But this piecemeal approach is not enough
Religious imagery (both positive and negative) pervades culture still. By only teaching what is needed to tackle one text, we are not weaving the tapestry.
My long-term goal is to create specific units of work that study ‘allusion’ in KS3, knowledge units that study Biblical knowledge as well as mythology from Greek, Roman, English heritage. Not just studying the stories but also studying representations of these stories, characters, and ideas throughout literature.
I’m a while away from being able to do that, so here’s the stop-gap:
At the moment, I teach these as explicit, out-of-context starters in year 9. Whilst I am aware this isn’t ideal – I do feel that some knowledge is better than none, for now.
Teaching Biblical characters who have become literary “clichés”
Here’s the list of biblical characters and stories that I teach, with some examples below:
- Adam and Eve
- Cain and Abel
- David (and Goliath)
- Joseph (and his cheerful coat)
- Lot and often more importantly Lot’s Wife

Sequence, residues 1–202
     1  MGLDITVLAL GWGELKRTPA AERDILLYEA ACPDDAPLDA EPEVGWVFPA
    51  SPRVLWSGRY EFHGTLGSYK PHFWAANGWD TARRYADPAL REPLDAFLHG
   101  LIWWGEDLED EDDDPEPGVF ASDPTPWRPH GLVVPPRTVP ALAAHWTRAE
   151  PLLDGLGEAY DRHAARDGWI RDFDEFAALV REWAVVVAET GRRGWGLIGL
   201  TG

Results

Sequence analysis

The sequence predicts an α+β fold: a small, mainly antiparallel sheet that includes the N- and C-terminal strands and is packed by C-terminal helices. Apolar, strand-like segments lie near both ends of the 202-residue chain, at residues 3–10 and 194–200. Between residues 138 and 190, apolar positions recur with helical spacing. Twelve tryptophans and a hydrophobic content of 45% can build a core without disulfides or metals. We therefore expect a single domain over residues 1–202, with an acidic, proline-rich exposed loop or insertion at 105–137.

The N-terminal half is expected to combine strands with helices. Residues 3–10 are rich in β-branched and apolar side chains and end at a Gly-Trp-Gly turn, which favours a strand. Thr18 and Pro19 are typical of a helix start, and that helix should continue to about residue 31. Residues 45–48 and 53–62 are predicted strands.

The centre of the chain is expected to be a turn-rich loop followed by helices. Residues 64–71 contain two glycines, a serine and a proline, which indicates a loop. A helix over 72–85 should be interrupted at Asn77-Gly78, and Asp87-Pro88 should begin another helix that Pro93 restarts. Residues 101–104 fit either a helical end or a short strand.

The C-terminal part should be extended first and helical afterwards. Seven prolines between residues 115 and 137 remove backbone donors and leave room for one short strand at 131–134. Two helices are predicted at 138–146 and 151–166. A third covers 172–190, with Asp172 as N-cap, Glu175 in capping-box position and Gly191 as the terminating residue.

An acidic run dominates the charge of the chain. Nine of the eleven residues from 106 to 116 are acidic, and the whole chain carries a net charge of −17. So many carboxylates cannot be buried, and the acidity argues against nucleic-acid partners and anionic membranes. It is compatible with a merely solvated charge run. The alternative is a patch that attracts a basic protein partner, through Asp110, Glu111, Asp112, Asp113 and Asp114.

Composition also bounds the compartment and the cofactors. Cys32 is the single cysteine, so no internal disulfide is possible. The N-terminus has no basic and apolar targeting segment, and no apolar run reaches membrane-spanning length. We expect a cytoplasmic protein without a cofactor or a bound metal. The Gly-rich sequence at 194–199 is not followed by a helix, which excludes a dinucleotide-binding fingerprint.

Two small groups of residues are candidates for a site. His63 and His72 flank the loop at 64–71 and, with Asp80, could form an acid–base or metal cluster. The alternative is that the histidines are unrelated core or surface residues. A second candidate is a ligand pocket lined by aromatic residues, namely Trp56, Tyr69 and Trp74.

- Noah (and the Flood)
- John the Baptist
- Mary (mother of Jesus)
- Peter (the rock)
- Paul (Saul)
- Pontius Pilate
- *The Holy Spirit*
Top Bible stories to know:
- Creation – Genesis 1 and 2, Adam & Eve, the apple, the snake, the Garden of Eden etc
- Cain & Abel – the first death, the first murder
- The Flood – the rain, the boat, the animals, the rainbow, the dove.
- Jonah and the whale – I didn’t put Jonah as a character above because his story isn’t really all that without the whale. It’s a great narrative about rebellion, trust, and redemption.
- The Tower of Babel – the arrogance of man and the birth of language.
- Moses and the Ten Commandments – what happens at the top of the mountain and what happens when you get down again.
- Job – misery loves company.
- The birth of Jesus – rather than the nativity itself, I tend to focus on King Herod and the baby genocide, the astronomers and following a star and then the idea of the birth of a new humanity and the age of harmony with God.
- The story of John the Baptist (or ‘always the bridesmaid, never the bride’)
- The Beatitudes
- The Good Samaritan
- The resurrection of Lazarus
- The Parable of the Prodigal Son
- The “Let he who has no sin cast the first stone” story
- The betrayal of Judas
- The Crucifixion and Resurrection – again, where my students have the basic knowledge from their Religious Studies lessons, I tend to look at nature imagery and Christ figures.
Also because Biblical allusion, among other things, is tested under the AP Literature curriculum – there are loads of fabulous sites that have lists of biblical phrases etc. I like this PDF because it has a bunch of useful literary, biblical and historical allusions.
What to test your knowledge of Biblical reference and allusion? Have a go at this BBC quiz!